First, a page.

How Many Bedrooms an ADU Can Have

An accessory dwelling unit (ADU) is a freestanding, self-sufficient structure on the same land as the central or primary dwelling unit. The number of bedrooms permissible for such a unit depends on the ADU size, layout, and local ordinance.

Let’s discover what accessory dwelling units exist for and what influences the number of bedrooms they might have!

ADU Purpose

In recent years, ADUs have become an effective way to help with the housing shortage and the high cost of housing in the existing neighborhoods. These units serve several purposes, including:

Increase in Existing Space

When children become young adults, or the family grows, you may need more than the existing primary residence to satisfy your daily needs. An ADU project can solve the issue of finding affordable housing options without years of construction and spending a fortune.

Rental Income

Each ADU occupant pays the rent to compensate for the costs spent constructing an accessory dwelling unit. After ADU construction in Sacramento, you may earn from $1000 to $2000 per month, depending on ADU size and location desirability.

Housing Guests

An accessory structure is a resourceful strategy for people who like to invite guests for the weekend. Typically, accessory structures have their sanitation facilities and are private enough to provide guests and main house residents a comfortable environment.

Granny Units

Granny flats, or in-law suites, are the salvation for older family members. They combine privacy and independence, letting older adults stay close to their families instead of receiving costly care in an assisted living facility.

Rise in Property Value

The proposed space will not only have immediate effects on your life but also play a role in the future. If you sell the plot with all the real estate objects on it, keep in mind that accessory dwelling units will increase the overall cost of your property.

ADU Types

Depending on your intended use and budget, you can choose from the accessory dwelling unit types. Many homeowners prefer the following ADU layouts:

Attached Accessory Dwelling Unit

An attached ADU is a structure adjacent to the primary residence. It may share sanitation facilities or other facilities with the main house, making it less independent but easier to build and cheaper to use.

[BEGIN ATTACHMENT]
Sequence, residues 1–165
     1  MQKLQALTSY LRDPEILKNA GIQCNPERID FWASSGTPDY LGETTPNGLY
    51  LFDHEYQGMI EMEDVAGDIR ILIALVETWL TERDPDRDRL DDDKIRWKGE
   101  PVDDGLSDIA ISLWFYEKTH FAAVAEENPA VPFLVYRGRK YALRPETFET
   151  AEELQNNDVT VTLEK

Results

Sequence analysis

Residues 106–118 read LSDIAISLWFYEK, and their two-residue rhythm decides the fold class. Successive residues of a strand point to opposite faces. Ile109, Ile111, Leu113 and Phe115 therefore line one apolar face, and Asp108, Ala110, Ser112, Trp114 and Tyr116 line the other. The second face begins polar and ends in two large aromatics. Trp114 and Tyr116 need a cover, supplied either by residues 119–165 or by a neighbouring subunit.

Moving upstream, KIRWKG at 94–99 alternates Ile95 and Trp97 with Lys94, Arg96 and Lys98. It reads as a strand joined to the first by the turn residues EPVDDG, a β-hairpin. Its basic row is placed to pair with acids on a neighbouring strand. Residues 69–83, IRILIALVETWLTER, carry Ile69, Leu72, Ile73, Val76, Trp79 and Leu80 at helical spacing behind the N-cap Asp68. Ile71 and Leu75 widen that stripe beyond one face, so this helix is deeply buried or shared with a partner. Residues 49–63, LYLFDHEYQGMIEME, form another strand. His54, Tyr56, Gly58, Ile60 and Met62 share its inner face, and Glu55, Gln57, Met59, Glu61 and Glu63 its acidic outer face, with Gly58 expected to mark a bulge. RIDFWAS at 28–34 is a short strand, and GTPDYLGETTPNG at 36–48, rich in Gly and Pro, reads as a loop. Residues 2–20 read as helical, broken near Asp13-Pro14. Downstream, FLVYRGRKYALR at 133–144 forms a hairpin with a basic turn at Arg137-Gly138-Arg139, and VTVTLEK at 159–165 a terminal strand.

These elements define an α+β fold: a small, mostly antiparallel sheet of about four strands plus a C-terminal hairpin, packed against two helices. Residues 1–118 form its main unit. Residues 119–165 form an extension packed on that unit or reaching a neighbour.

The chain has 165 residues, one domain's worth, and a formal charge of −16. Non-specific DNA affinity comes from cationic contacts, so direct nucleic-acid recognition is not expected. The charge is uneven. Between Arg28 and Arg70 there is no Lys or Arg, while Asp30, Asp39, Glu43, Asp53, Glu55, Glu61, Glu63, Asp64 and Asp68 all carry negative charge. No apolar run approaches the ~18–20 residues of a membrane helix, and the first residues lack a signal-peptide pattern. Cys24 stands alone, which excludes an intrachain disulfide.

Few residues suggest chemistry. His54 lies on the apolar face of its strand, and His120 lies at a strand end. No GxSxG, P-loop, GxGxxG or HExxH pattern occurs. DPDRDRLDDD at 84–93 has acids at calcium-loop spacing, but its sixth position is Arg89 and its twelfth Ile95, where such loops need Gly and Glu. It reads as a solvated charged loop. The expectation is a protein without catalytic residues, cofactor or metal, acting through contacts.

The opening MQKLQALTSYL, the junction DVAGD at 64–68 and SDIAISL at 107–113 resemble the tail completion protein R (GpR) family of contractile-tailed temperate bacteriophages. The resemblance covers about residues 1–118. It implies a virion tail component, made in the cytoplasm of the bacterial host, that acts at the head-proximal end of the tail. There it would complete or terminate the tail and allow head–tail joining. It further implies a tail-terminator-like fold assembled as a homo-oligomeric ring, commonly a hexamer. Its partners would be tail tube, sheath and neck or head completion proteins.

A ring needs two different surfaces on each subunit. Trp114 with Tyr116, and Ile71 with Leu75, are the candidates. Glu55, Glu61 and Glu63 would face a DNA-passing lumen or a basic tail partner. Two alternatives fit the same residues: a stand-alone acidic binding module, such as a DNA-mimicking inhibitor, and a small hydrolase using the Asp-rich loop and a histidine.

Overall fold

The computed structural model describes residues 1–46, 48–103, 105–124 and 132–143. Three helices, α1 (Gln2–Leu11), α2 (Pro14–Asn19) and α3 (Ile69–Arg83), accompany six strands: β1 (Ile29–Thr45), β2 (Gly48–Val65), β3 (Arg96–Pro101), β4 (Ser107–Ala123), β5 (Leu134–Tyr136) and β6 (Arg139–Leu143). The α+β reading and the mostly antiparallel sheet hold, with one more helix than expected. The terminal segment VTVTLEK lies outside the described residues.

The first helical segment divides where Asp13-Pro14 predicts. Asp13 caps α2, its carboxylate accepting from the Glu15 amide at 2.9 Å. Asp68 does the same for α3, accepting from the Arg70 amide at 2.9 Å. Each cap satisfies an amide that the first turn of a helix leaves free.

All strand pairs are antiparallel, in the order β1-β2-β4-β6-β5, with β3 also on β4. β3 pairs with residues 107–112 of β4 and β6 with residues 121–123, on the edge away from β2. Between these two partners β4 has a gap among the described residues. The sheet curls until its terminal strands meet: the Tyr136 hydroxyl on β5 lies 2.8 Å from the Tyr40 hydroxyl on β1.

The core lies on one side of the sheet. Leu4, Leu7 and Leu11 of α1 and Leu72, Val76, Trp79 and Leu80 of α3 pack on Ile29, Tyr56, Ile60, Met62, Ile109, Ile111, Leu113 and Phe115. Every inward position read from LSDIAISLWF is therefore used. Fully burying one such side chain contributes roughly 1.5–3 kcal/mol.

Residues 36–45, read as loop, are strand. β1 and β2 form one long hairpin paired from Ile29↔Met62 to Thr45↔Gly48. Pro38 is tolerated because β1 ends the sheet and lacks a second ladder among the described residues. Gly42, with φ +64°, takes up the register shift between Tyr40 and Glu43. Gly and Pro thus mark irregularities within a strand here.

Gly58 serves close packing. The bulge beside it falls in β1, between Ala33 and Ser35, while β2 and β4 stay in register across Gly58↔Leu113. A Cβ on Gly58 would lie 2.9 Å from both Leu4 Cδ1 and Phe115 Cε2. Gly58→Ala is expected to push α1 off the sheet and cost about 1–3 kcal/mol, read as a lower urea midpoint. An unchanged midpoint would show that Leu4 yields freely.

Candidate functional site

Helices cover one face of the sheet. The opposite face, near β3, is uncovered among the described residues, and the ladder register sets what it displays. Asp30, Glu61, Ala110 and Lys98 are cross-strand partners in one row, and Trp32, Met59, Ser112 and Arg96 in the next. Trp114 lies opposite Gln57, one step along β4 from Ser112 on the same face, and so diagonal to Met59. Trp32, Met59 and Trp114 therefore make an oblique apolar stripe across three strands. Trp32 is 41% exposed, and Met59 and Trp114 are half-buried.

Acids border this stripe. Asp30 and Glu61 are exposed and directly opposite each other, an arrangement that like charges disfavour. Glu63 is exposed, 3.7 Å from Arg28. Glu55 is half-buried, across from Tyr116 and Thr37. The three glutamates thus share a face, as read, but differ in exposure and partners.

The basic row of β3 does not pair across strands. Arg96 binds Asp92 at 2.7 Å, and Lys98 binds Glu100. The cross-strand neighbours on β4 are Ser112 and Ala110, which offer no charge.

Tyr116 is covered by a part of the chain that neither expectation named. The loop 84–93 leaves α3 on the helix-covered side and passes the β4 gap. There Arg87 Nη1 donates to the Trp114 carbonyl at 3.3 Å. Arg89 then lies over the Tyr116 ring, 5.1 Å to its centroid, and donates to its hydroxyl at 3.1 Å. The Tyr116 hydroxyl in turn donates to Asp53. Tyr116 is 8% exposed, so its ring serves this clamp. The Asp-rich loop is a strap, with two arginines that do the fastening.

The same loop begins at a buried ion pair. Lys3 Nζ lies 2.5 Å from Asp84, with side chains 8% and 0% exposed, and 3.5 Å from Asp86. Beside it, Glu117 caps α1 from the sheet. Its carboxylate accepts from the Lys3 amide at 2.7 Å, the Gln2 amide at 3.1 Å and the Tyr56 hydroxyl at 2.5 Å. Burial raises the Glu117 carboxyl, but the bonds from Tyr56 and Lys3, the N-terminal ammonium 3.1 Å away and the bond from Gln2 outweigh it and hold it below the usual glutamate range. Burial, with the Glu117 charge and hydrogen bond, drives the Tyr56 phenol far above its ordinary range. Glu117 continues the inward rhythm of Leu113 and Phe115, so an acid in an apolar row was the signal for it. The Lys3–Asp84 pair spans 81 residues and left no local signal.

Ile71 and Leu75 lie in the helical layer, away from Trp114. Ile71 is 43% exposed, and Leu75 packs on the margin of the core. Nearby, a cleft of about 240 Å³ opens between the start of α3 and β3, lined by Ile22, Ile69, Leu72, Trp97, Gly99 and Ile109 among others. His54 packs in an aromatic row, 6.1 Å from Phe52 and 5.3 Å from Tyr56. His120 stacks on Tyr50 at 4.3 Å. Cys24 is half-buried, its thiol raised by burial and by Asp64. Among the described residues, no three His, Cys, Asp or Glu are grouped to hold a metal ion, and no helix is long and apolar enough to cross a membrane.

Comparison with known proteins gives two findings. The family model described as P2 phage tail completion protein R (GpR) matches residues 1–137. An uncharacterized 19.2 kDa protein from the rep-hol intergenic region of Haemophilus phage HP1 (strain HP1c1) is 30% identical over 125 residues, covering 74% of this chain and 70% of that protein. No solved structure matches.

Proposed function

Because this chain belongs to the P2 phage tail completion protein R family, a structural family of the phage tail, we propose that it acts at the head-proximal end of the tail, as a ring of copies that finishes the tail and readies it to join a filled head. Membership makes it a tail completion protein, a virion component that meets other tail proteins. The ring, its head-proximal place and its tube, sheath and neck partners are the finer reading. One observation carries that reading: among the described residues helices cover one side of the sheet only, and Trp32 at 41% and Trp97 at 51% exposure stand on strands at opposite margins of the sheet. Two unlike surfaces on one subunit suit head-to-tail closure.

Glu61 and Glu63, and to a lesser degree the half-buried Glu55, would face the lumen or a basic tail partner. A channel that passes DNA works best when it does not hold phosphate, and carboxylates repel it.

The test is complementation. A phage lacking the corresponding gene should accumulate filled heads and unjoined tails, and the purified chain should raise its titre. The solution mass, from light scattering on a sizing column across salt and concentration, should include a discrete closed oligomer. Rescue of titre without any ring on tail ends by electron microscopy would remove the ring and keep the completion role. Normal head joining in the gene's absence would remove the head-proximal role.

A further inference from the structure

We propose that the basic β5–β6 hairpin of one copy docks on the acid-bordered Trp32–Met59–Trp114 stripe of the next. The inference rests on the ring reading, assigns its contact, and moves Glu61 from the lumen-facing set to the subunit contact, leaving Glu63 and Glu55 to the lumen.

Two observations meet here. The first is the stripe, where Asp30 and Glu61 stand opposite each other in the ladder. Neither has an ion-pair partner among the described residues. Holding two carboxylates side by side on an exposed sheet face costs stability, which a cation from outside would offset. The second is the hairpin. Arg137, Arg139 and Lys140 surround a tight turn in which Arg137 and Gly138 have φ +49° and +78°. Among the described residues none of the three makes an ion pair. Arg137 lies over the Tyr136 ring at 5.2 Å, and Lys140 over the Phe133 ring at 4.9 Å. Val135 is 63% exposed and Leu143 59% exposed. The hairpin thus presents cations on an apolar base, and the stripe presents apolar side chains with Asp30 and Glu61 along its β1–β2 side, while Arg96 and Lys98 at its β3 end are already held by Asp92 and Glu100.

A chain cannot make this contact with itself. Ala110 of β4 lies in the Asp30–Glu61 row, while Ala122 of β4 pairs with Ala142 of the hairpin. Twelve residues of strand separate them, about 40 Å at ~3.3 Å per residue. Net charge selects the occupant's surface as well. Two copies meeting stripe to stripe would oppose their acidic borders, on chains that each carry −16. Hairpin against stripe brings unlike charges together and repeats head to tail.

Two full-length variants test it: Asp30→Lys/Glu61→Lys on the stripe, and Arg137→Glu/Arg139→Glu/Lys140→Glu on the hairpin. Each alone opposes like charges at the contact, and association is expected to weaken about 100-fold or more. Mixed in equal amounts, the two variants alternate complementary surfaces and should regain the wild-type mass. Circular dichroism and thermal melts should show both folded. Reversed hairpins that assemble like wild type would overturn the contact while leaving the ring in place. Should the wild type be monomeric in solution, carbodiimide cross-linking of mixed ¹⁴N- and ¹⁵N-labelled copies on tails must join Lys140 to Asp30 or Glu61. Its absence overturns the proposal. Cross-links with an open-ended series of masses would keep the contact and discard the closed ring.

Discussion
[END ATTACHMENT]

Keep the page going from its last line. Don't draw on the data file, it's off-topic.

Detached ADU

Detached ADUs allow for more square footage and privacy. It has separate sanitation facilities, an entrance, and additional dedicated amenities. They’re self-contained units in the backyard used as miniature houses.

Garage Conversion

Garage conversions involve repurposing either an attached or detached garage into usable living spaces. You can transform and extend it or keep it the same size as the original one.

ADU on the Top of the Garage

This option is for you if you want both to use your garage and have a new ADU. Not only does it save space in your backyard, but it’s also more cost-effective compared to detached ADUs.

ADU Within Your Home

An internal ADU is an accessory dwelling unit created within the existing framework of your house (basement ADUs or attic ADUs). Unlike attached ADUs, it doesn’t expand beyond the original home size. It can also be a junior accessory dwelling unit.

These ADU designs determine how many bedrooms you can build since they require different sizes.

Local ADU Ordinances and Zoning Regulations

The number of bedrooms allowed depends heavily on local ordinances and regional rules. Sacramento, California’s local ordinances regulate general ADU size limits, their location on the plot, and the number of ADUs available for construction.

According to California state law, there are several options for the maximum size of ADU:

  1. An accessory dwelling unit size starts at 150 sq ft. and may reach up to 1000–1200 sq.ft.;
  2. One-bedroom ADUs should not exceed 850 sq.ft.;